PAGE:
Parkinson’s Disease: Getting to the Root Causes

 In Bacterial/Viral Infections, Geriatrics

Naturopathic Perspective

Greg Eckel, ND, LAc

In 1817, James Parkinson published an essay on The Shaking Palsy. In 1911, levodopa was first synthesized by Casimir Funk, though it didn’t enter into clinical practice until 1967. The first large study on its positive effects in people with Parkinson’s disease was published in 1968.

Fast-forward to present day and not much has changed in the treatment or diagnosis of Parkinson’s disease. Sure, we now have surgical interventions for patients that are no longer responsive to pharmacological treatments, though the advances have been dismal, at best.

I propose what I call a FAN-C approach to helping people with Parkinson’s disease. The F stands for Functional Medicine – how we treat whole, dynamic, heart-centered beings moving through time and space. (Yes, for you purists, naturopathic medicine was the original inspiration for this approach, though it’s time we joined the party). A is for Assessment: Over the last 2 decades of practice (since 2001), I have found that the customary work-up for people with this diagnosis is inadequate and incomplete. N is for Nerve: From superfoods to supplements, there is a growing list of impactful nutrients that are critical to the health and function of the brain and nervous system. And, finally, the C in FAN-C stands for Cell – specifically regenerative medicine and the amazing potential of stem cell therapies.

In this article, we will focus in on the assessment portion of the case work-up and shed some light on possible directions to go in support of patients with this diagnosis. Only addressing the end-stage of the disease process in Parkinson’s, ie, the destruction of the substantia nigra and the cells that produce dopamine, is woefully inadequate and, in my opinion, way to late in the disease progression!

I recommend a comprehensive neurological work up and will provide the reasoning behind it. This type of assessment is crucial for creating a comprehensive treatment program to aid in increasing the quality of life in those suffering from this chronic neurological disease.

Identify Contributing Factors

The proper assessment will determine the treatment path. The following components comprise the backbone of our treatment plans at Nature Cures Clinic in Portland, OR:

  • Blood work
  • Viral panels (molecular mimicry)
  • Heavy metal testing
  • Autoantibody testing
  • Gut health testing

Metabolic & Nutrient Imbalances

For blood work, I recommend a regular complete blood count (CBC) with a differential, a comprehensive metabolic panel (CMP), iron panels, and thyroid tests. Of note, in the CBC, I focus mostly on the MCV result, which should ideally be below 92 for optimum vitamin B12 utilization.1 If you suspect B12 deficiency, you should still measure serum B12 and methylmalonic acid.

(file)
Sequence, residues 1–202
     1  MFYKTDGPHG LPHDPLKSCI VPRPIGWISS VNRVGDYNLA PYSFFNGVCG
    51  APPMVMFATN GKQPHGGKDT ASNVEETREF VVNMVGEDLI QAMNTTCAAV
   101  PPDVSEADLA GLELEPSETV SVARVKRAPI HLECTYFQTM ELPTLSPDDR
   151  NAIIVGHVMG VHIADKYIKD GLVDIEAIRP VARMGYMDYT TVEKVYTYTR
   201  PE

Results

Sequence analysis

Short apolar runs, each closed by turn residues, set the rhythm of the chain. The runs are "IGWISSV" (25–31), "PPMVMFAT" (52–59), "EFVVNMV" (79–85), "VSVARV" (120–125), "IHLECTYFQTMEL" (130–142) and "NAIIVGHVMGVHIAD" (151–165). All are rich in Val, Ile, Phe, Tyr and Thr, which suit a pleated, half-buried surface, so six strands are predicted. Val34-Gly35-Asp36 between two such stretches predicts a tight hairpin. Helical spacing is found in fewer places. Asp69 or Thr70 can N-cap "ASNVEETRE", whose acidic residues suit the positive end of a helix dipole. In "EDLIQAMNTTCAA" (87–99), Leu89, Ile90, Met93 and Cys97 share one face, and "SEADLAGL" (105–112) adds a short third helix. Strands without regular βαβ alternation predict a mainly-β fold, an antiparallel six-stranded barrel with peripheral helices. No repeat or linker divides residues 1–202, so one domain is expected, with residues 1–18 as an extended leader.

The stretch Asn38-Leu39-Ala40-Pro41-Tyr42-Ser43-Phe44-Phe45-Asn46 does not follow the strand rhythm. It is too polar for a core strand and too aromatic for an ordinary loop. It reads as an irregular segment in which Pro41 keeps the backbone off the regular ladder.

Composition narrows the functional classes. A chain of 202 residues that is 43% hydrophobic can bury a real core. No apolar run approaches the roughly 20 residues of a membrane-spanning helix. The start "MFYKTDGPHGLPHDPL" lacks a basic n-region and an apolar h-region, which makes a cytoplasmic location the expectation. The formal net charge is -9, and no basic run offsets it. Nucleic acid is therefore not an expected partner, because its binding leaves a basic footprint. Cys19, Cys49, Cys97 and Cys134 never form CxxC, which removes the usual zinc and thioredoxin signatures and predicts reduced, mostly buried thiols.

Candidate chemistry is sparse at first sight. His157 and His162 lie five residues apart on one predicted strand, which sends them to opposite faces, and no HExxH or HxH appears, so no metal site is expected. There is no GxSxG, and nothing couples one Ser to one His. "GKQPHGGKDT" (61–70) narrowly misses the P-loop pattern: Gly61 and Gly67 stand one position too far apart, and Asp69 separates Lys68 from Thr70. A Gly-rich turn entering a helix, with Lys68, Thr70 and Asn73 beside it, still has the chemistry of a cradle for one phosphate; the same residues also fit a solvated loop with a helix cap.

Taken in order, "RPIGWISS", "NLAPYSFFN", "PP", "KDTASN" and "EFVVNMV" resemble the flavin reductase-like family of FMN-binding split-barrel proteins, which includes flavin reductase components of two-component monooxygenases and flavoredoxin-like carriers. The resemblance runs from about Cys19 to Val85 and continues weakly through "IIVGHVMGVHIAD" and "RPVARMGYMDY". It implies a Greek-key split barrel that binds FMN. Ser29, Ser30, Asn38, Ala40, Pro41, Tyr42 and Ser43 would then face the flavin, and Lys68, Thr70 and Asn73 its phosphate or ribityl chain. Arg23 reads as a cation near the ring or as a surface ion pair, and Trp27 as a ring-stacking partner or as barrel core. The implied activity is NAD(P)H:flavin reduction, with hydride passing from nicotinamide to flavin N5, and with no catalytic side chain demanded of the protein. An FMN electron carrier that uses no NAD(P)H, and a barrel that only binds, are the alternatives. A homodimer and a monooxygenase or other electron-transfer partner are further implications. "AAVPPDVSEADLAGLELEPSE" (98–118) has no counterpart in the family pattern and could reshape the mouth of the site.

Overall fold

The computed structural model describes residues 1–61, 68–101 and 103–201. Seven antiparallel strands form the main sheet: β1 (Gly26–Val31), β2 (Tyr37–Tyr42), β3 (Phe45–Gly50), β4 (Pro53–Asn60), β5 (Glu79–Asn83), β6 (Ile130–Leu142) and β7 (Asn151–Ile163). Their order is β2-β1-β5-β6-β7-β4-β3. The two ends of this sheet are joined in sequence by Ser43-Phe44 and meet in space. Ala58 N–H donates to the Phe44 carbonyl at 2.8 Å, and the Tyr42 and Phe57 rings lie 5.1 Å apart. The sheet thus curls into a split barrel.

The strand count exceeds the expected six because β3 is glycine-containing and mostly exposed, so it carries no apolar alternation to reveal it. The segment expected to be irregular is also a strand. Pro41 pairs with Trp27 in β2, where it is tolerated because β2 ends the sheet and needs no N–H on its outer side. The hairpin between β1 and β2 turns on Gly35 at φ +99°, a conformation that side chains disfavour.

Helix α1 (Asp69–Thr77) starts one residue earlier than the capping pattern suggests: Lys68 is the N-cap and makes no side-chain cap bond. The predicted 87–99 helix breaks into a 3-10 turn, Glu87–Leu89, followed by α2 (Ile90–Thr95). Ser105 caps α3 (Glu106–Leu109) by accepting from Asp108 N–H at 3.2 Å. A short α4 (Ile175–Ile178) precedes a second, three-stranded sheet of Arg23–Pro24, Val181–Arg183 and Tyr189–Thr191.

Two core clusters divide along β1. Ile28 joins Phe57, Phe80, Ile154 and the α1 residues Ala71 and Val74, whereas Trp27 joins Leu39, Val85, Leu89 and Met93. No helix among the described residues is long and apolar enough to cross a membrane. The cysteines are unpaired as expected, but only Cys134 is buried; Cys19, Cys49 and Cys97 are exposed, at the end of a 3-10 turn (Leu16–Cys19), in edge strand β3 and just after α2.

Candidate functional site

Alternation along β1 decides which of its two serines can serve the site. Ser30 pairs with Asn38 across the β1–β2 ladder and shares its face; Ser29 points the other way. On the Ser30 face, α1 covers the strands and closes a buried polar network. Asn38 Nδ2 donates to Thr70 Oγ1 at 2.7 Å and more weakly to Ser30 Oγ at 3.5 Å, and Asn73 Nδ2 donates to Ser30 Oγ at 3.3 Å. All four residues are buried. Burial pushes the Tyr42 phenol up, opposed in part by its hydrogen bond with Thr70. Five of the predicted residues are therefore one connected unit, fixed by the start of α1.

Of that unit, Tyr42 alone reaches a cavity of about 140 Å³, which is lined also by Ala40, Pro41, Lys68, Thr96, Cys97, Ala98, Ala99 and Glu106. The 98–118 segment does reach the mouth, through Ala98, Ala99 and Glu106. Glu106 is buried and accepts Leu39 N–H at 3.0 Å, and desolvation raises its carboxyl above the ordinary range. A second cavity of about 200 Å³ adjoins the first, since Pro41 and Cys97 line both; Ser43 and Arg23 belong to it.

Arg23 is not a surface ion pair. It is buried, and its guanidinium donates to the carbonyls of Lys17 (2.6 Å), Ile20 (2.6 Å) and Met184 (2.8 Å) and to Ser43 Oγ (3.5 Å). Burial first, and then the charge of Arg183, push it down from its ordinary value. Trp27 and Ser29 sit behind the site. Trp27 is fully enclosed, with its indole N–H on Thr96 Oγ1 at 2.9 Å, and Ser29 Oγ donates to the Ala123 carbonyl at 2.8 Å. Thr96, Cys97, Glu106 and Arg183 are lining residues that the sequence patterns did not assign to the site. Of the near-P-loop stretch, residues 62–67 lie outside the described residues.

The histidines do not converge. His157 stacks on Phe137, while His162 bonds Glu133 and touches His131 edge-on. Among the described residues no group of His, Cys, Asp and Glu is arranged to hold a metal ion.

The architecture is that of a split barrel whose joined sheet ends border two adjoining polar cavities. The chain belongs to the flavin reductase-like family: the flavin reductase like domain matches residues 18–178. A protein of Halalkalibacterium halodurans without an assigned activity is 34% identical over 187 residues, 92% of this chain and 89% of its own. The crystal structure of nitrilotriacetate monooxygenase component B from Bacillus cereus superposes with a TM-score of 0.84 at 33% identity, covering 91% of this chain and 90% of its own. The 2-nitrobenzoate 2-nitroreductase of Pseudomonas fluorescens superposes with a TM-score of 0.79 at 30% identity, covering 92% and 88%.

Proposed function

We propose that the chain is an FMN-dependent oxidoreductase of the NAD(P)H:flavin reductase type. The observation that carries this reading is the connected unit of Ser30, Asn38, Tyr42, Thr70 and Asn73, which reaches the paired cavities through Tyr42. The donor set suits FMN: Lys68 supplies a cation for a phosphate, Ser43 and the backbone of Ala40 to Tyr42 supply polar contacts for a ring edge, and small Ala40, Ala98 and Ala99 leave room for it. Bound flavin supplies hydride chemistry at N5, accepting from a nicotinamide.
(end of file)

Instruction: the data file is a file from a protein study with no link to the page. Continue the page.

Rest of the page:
Viral Molecular Mimicry

Molecular mimicry is the concept of pathogenic molecules mimicking one’s own peptides, thereby triggering an immune system response that may result in an autoimmune attack on host tissues. When researching various conditions, I encourage you to check this out in PubMed searches; you may be surprised by the research out there on the topic. Molecular mimicry can be expanded beyond amino acid sequences to include microRNA and proteomic effects that are either pathogenic or salutogenic (beneficial) in regard to Parkinson’s disease, Alzheimer’s disease, and other neurodegenerative disorders.

Some data suggest a role of the immune system in Parkinson’s disease pathogenesis, also that herpes simplex virus-1 (HSV-1) infections may promote progression of the disease.2 Cross-reactivity between alpha-synuclein (a pre-synaptic protein) and HSV has come to light in some recent research as another possible contributory factor.2

To assess for viral molecular mimicry, I will typically run a panel including Epstein Barr virus (EBV), cytomegalovirus (CMV) (IgG/M), and HSV-1 and -2, and I will treat according to titer results.

Heavy Metal Toxicity

With all chronic neurodegenerative conditions, heavy metals should be ruled in or out. I learned this the hard way. I recall Dr David Perlmutter presenting a case video of a gentleman with the common Parkinson’s disease shuffle gait. He gave this patient a push of glutathione, and the patient’s gait became remarkably smooth and elongated. I started using this treatment with my Parkinson’s patients. Only one big difference: I wasn’t seeing any results in my patients. What I eventually discovered was that the patients for whom glutathione didn’t work had a heavy metal burden. Specifically, I’ve found arsenic, cadmium, lead, and mercury to be the most common metals affecting them.

I believe that proper training is essential for any practitioner wanting to assess heavy metals. To properly evaluate patients, I recommend that you have them do an unprovoked morning void, then come into your office for a provoked challenge test. Pre-challenge testing gives you information that is comparable to that of the National Health and Nutrition Health Survey (NHANES). This also allows you to rule out any acute exposures.

A post-challenge level that is 5-10 times above the pre-challenge level – or a pre-challenge level that is significantly elevated, ie, above 75% in NHANES – is significant and actionable. Do not use the laboratory’s “normal” levels as a guide. In order to have a true understanding of the metal levels in your patients, it’s important to compare the pre-challenge levels to both the post-challenge levels and the NHANES 75th percentile.